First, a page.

Times Past

25 Years Ago

Lerwick licensed traders have joined forces to stop the new Clickimin leisure centre getting a drinks licence. Twelve hotels, pubs and licensed restaurants have lodged objections to the Clickimin application for a licence to be considered by the licensing board on Tuesday.

The licensees claim that Lerwick is already served by licensed premises and that the building is not suitable for selling alcohol. They point out that many under-18-year-olds will be using the building.

Centre manager Andy Mayers said this week he was “stunned” by the reaction of the licensees. He said the nearest licensed premises to the centre were half-a-mile away and the bar was so small it was not likely to affect trade in established premises.

Mr Mayers said that of course young people would be using the centre but because of that extra care would be taken by his staff. “The licensed area in the building is very clearly defined and very, very high standards will be set for the area,” he said.

The objection was lodged by Mr Jim Williamson, owner of Kveldsro Hotel, and supported by the licensees of the Lerwick Hotel, Grand Hotel, Queen’s Hotel, Lounge Bar, Thule Bar, Excelsior, Douglas Arms, North Star Cinema, Noost Restaurant, Bowies Restaurant and Queen’s Hotel Coffee Shop.

Clickimin Trust chairman, Mr John Nicolson, said he was “extremely surprised at the extent of tunnel vision displayed by those who have identified with the objection. Only yesterday there was a considerable amount of money put towards the Shetland hotel trade because of events associated with the centre”.

50 Years Ago

Among the Russian fleet now in the Shetland area are two rescue ships, and it was announced at Lerwick Harbour Trust’s monthly meeting on Tuesday afternoon that the commodore of the Russian fleet had informed Capt. W. S. Inkster that the rescue ships will be available to go to the aid of any vessel which requires assistance.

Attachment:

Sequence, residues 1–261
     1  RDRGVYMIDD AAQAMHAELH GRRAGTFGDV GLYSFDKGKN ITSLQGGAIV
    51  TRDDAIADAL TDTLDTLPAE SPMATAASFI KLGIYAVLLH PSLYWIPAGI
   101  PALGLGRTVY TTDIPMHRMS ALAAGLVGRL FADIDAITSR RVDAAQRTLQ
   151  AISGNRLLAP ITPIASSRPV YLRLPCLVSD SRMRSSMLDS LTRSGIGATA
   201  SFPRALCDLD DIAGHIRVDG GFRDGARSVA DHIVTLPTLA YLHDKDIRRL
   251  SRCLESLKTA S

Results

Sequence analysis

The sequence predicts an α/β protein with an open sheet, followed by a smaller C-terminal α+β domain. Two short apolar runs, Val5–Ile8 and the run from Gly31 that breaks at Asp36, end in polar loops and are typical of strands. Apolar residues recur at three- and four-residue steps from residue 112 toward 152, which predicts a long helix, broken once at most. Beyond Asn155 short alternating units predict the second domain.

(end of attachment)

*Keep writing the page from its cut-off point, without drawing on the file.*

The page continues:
The harbourmaster is in possession of the call signs for both vessels, and will be able to transmit a message to them if the occasion arises.

The announcement was greeted with satisfaction by the trustees.

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Obituary – Skipper Andrew Goodlad of the 75-ft. “Cornucopia” died in an Aberdeen hospital on Wednesday following an illness lasting two months. Mr Goodlad of Hamnavoe, Burra Isle, was in his 57th year, and was seventh son of the late Mr and Mrs Thos. A. Goodlad. This is a well-known Burra Isle fishing family and of the eight sons and three daughters, six sons and two daughters are still alive. Mr Goodlad was a fisherman all his life and sailed as skipper on the “Water Lily” and “Provider” before becoming skipper and part-owner of the “Cornucopia” in 1948. In addition to prosecuting the seine net fishing and herring fishing in Shetland he often went to the English herring fishing. Shortly after the New Year Mr Goodlad became ill and after a short stay in a Lerwick hospital he was moved to Aberdeen. Mr Goodlad is survived by his wife, a daughter in Lerwick and another in London. Sincere sympathy is extended to them in their sudden loss.